Mindscan Mass Market Paperback – Dec 27 2005
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Excerpt. © Reprinted by permission. All rights reserved.
Jake Sullivan watched his father, suffering from a rare condition, collapse and linger in a vegetative state, and he's incredibly paranoid because he inherited that condition. When mindscanning technology becomes available, he has himself scanned, which involves dispatching his biological body to the moon and assuming an android body. In possession of everything the biological Jake Sullivan had on Earth, android Jake finds love with Karen, who has also been mindscanned. Meanwhile, biological Jake discovers there is finally another, brand-new cure for his condition. Moreover, Karen's son sues her, declaring that his mother is dead, and android Karen has no right to deprive him of his considerable inheritance. Biological Jake, unable to leave the moon because of the contract he signed, becomes steadily more unstable, until finally, in a fit of paranoia, he takes hostages. Sawyer's treatment of identity issues--of what copying consciousness may mean and how consciousness is defined--finds expression in a good story that is a new meditation on an old sf theme, the meaning of being human. Regina Schroeder
Copyright © American Library Association. All rights reserved --This text refers to an out of print or unavailable edition of this title.
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Top Customer Reviews
Jake Sullivan, scion of a Toronto brewery fortune, has a problem. The blood vessels in his brain might unexpectedly explode. It happened to his father during a family fight. The result isn't terminal. It leaves the victim in a vegetative state. Jake decides to take advantage of a new technology to bypass the threat. He'll have his mind scanned and his consciousness copied into an almost indestructible artificial body. Immortality, that quest so long engaged in by a fragile humanity, may be imminent. His "shed skin", the original, flawed body, will be shipped to the far side of the Moon to live luxuriously until "natural causes" prevail. The relocation leaves behind a lonely dog, a confused girl friend and a concerned mother.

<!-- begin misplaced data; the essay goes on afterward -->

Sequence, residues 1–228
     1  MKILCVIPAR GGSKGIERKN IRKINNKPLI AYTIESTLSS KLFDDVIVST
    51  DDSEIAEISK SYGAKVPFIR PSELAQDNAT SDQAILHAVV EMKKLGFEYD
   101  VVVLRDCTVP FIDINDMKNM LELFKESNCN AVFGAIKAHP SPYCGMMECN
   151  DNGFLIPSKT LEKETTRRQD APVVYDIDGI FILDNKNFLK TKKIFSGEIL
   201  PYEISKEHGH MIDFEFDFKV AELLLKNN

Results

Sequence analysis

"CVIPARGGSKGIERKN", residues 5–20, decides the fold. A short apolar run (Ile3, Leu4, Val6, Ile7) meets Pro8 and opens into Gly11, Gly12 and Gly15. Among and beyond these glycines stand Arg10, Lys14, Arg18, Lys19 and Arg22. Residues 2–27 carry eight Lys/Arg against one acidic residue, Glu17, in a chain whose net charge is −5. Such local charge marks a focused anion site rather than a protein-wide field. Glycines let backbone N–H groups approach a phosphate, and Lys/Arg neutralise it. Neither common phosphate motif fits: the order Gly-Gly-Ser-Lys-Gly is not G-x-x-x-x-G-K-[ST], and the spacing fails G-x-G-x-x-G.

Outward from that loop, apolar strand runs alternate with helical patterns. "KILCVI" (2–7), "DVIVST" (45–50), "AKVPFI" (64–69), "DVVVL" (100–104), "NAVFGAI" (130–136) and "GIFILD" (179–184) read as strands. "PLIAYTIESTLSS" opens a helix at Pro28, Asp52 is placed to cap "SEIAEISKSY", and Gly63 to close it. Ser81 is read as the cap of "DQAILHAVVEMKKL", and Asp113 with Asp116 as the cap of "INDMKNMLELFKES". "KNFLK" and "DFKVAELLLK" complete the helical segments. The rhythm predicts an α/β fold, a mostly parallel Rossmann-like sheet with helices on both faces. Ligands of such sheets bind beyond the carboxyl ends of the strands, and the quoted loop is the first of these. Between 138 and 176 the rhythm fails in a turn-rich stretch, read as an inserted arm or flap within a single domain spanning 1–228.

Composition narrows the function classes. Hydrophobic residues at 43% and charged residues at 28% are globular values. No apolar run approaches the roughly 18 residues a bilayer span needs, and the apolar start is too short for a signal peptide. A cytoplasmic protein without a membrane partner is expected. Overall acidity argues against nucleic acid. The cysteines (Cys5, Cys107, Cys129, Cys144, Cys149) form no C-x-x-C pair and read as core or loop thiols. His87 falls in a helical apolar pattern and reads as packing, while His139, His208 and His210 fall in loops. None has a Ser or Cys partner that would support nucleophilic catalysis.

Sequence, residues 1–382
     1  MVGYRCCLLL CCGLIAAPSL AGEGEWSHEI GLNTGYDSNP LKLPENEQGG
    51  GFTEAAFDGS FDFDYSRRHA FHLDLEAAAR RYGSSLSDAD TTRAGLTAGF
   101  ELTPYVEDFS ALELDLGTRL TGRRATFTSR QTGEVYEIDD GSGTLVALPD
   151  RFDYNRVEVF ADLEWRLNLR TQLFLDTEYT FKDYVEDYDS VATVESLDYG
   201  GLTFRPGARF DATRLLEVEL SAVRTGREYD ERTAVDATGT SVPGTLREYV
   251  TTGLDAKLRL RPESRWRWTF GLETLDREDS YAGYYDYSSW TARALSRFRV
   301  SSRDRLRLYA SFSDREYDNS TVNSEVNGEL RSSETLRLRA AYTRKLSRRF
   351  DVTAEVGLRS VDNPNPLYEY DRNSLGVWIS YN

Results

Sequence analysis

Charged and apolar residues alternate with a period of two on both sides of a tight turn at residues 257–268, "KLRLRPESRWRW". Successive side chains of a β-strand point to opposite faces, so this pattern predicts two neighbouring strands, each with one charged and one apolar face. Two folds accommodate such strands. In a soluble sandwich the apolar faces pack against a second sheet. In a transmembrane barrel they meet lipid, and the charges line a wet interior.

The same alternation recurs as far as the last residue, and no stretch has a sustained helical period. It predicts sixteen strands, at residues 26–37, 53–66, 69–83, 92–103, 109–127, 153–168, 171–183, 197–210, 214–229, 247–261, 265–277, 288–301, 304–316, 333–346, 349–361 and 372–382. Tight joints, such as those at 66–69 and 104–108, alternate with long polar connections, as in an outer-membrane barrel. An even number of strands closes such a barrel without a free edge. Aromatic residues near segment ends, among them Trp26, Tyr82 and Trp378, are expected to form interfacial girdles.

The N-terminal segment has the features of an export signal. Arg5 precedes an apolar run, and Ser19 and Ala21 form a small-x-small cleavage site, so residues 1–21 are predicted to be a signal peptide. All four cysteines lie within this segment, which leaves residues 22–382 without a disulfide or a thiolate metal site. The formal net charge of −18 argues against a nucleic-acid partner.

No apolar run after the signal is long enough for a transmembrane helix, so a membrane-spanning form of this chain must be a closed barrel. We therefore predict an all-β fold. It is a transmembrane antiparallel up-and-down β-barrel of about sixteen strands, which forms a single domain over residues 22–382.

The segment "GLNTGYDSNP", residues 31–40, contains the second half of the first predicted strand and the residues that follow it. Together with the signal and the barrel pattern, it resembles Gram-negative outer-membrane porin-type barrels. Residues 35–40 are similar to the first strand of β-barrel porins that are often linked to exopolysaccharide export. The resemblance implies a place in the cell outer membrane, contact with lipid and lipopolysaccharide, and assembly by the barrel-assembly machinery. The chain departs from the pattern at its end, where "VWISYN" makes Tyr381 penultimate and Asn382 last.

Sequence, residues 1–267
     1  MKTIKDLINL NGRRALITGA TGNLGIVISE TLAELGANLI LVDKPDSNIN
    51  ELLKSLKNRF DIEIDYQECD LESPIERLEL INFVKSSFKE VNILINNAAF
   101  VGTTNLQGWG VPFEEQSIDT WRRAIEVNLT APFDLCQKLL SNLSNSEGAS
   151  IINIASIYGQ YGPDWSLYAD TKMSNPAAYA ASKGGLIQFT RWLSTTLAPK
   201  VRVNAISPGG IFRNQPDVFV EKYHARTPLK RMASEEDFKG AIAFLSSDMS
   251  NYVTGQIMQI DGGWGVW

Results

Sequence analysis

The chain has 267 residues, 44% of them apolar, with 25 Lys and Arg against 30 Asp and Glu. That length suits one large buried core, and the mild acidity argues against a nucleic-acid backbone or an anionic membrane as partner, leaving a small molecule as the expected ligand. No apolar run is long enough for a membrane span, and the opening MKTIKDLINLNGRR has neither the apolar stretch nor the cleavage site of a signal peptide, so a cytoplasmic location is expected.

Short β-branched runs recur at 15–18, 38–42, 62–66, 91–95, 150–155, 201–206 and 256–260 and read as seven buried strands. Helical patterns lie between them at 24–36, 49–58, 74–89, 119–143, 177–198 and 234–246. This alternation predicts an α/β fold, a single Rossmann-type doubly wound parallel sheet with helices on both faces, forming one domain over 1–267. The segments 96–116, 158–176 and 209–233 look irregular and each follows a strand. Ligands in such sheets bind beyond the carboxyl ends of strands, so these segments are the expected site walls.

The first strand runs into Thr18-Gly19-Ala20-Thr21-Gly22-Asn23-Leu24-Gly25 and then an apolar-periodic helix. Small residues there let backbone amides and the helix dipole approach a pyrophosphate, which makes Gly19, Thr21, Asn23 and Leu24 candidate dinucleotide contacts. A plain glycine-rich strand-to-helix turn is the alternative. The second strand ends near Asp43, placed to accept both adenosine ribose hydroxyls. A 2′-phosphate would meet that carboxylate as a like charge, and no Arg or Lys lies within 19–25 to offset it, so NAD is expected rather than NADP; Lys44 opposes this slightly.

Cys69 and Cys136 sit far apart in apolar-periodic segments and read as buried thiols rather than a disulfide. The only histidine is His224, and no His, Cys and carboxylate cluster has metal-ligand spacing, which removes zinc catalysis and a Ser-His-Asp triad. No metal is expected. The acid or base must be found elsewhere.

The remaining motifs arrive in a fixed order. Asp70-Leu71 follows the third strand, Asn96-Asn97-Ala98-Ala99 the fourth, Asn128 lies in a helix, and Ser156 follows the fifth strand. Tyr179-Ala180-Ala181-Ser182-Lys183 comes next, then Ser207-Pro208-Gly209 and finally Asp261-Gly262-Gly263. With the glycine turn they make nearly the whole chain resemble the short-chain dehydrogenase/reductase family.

As might be expected, a new threat emerges. Give a lawyer an opening and yet another courtroom drama enfolds. What says the law on two minds of one person? Which is the "person", the "mind" or the body?Read more ›
What drives people to take this extreme step? The two protagonists make this choice for different reasons. Karen Bessarian, a highly successful writer in her eighties, doesn't accept the fast approaching end of her life. She has more books to write and life to enjoy, so she chooses a younger body. Jake, the rich forty-something heir to a Canadian brewery, carries his father's genetic marker for a brain defect. The older Sullivan collapsed into a vegetative state after a row between father and son when Jake was 17. Jake had put his life on hold to avoid stress and other triggers for brain damage. Meeting at a sales event for the Mindscan technology, Karen and Jake develop their relationship in different ways - as biological selves and as mind "instantiations" with new perfect bodies.
Once the "uploads" have passed their first examinations they are let loose on their family and community with varying results. Tongue in cheek, Sawyer cannot resist some small political stabs contrasting US society at the time [as projected from present conditions] with an increasingly broadminded and left-leaning Canadian one.Read more ›
Well, two flaws leap out at you before you're more than halfway through. The first is Sawyer's vicious anti-Americanism. Look, I'm Canadian and I think Dubya's a dolt just as much as the next Johnny Canuck, but geez, Rob! Way over the top!
The second (related? who knows?) flaw is Sawyer's even more visceral anti-religionist stance. It's his right to have it, I suppose, but it gets in the way of his plotting, since he can't craft a 'believeable believer' to save his life. He comes off as smug in his sure-fire knowledge that whatever science can't explain now, it will be able to in the future. Again, I'm just as anti-fundy-costal as the next guy, but there doesn't even seem to be room in Rob's world for spirituality...and that alienated me as a reader.
The final flaw is a forced, contrived, hokey, gimmicky ending. You'll know what I mean when you get to it. The climax was great...I was turning pages like wildfire...and then I just hit a wall as he covered a whole 'nother novel in the space of two pages and ended the book. Ka-BLAM!
A good read--the name Robert J. Sawyer assures that much--but it could have been so much better.